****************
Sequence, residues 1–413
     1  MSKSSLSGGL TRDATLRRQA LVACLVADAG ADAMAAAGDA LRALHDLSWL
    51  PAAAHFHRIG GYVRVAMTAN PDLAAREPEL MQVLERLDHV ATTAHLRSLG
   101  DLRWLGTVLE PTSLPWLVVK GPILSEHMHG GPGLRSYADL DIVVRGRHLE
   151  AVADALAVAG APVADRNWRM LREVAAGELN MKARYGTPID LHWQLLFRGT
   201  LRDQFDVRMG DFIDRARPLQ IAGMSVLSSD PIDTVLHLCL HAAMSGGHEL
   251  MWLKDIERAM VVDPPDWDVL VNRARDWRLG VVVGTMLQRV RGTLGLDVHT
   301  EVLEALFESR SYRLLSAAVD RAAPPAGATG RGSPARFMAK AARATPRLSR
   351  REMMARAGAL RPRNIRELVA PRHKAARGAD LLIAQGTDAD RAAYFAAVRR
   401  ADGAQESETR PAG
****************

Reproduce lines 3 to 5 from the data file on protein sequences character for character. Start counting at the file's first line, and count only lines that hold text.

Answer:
    51  PAAAHFHRIG GYVRVAMTAN PDLAAREPEL MQVLERLDHV ATTAHLRSLG
   101  DLRWLGTVLE PTSLPWLVVK GPILSEHMHG GPGLRSYADL DIVVRGRHLE
   151  AVADALAVAG APVADRNWRM LREVAAGELN MKARYGTPID LHWQLLFRGT